Anchor was born with a rare congenital ocular disorder called HYPERTELORISM. It is a condition where the eyes are spaced very far apart from each other. This is usually associated with other facial and skull deformities, just like Anchor has.

 

 

 

Beast- Beauty & The Beast

Beast- Beauty & The Beast

 

BLEPHAROSPASM:

In this photo, Beast is suffering from Blepharospasm. This is an uncontrolled forceful blink that can be short or last a few seconds. Often associated with allergies or tics, it can can also occur for other reasons. In adults this can be treated with Botox, which is why Beast looks like a handsome prince at the end of the movie (spoiler-alert).

Gaston- Beauty & The Beast

Gaston- Beauty & The Beast

 

7th CRANIAL NERVE PALSY / BELLS PALSY:

Although no one acts like Gaston or spits like Gaston, he is suffering from a common problem. In this condition, the Facial Nerve, which is the nerve that controls movement of half of your face, can stop working. This will cause one eye not to be able to close (aka Bells Palsy), and sometimes occur with a down-turned lips on one side (aka Complete 7th Nerve Palsy). This is often treated with ocular lubricants and resolves on it own within 6 weeks-4 months.

 

Horned King- Black Couldron

Horned King- Black Cauldron

 

ANOPHTHALMOUS:

The Horned King was born with no eyeballs. Anophthalmous is a congenital birth defect where a baby is born without an eyeball, or rarely no eyeballs at all. Luckily this is rare and has no cure to date.

 

 

Mike Wazowski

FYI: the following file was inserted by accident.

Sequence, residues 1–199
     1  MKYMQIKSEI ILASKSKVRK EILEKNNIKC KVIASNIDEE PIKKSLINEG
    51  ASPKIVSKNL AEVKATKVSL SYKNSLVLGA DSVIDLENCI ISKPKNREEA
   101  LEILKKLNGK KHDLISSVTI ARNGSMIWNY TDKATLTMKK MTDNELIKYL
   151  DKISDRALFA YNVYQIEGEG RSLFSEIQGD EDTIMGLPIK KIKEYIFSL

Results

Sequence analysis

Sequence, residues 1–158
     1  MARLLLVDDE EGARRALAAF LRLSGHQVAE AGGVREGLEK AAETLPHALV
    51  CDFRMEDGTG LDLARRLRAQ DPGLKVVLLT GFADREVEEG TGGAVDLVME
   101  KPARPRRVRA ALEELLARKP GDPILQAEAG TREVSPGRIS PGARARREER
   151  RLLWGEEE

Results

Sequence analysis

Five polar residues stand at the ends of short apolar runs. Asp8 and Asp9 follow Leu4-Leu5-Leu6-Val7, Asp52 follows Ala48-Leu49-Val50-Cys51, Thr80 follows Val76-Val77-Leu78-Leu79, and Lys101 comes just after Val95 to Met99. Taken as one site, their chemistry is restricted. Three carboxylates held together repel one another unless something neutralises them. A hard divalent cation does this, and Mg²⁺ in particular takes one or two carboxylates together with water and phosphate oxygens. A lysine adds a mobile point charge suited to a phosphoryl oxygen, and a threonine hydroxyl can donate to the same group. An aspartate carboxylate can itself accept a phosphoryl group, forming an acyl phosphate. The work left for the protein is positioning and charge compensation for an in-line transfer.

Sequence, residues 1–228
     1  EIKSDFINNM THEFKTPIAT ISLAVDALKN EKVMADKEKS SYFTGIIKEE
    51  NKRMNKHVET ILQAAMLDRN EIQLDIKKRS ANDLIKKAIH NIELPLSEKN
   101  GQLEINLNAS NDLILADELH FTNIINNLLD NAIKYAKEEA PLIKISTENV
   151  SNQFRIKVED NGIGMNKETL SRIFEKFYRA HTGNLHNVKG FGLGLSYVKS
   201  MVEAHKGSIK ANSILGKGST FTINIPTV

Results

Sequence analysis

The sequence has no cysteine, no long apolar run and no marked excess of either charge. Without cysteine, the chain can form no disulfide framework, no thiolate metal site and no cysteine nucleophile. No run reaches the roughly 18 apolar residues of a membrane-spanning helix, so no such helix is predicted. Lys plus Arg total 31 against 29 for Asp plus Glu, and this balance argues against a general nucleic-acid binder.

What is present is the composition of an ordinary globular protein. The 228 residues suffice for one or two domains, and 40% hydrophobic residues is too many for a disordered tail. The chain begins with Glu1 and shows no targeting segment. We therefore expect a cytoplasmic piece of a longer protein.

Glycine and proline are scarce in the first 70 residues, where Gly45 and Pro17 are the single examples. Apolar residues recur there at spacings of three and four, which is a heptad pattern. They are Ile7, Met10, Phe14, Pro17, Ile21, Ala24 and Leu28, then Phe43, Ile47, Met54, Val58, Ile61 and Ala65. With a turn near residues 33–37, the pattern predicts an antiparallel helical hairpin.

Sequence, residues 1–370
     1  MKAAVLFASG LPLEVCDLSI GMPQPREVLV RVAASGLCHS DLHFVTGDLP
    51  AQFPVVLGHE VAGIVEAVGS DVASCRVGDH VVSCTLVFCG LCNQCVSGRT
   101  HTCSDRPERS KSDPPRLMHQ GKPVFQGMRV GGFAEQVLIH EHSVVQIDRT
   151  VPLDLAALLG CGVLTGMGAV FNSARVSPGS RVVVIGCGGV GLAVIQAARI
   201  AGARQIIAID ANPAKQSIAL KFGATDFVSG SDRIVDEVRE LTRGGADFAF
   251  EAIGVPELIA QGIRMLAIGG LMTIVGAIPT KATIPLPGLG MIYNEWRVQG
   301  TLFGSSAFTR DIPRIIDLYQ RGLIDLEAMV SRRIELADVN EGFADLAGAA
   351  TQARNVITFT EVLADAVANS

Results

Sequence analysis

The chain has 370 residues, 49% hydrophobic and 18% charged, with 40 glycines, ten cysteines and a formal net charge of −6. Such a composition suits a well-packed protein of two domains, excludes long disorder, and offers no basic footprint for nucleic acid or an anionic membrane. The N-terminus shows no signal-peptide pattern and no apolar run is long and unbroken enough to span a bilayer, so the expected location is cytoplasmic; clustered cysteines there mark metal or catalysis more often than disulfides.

Mike Wazowski

CYCLOPIA:

Mr. Wazowski is the worlds most popular cyclops. Born with one central eye. In humans, though, the one central eye usually does not see and this condition is usually associated with multiple facial abnormalities. Babies born with Cyclopia, usually have so many congenital abnormalities that they usually do not survive. Luckily for us, Mr. Wazowski did survive, despite not being born with a nose or second eye, and has been making us all laugh since 2001. Mr. Wazowski now works in Tomorrowland, DisneyWorld, where he works on the Laugh Floor Comedy Factory.

Cheshire Cat- Alice In Wonderland

Cheshire Cat- Alice In Wonderland

 

JAUNDICE:

Cheshire Cat, unfortunately has a case of jaundice, which is a yellowing of the skin and eyeballs. Although it is hard to see on Cheshire’s skin, his eyes are exhibiting the classic yellow appearance seen in jaundice. This is usually a sign of liver disease and once detected, a liver workup should be ordered immediately. This can also occur in babies, after birth. This occurs when bilirubin builds up in the blood. Babies with jaundice should be sent to the pediatrician immediately.

 

 

Patch- 101 Dalmatians 2

Patch- 101 Dalmatians 2

 

NEVUS OF OTA:

Patch was born with this birth defect called Nevus of Ota. A Nevus is a medical term for a freckle. In this case, it is a large darkening of the skin of the eyelids and periorbital area on one side of the face. Although a cosmetic defect, it is sometimes associated with Glaucoma in the eye surrounded by the nevus, therefore requiring close follow-up with an ophthalmologist.

 

 

 

 

Rumpelstiltskin- Once Upon A Time

Rumpelstiltskin- Once Upon A Time

 

WILSON’S DISEASE:

Although this condition is usually considered hematologic, due to excess copper build-up in the blood, it does have classic eye findings. Despite the copper-like skin, a small ring of copper develops on the cornea (called a Kayser-Fleischer Ring) and slowly gets larger with time. Once treated, the copper-corneal ring disappears.

 

 

Aliens- Toy Story

Aliens- Toy Story

 

TRICLOPIA:

Not yet seen in humans!

 

 

 

 

I hope you enjoyed our demonstration, and if you have any Disney Characters that have other ocular conditions that need diagnosis, please post it here or ask away and I will be sure to come up with a diagnosis. Just make sure your Disney character has insurance. ENJOY!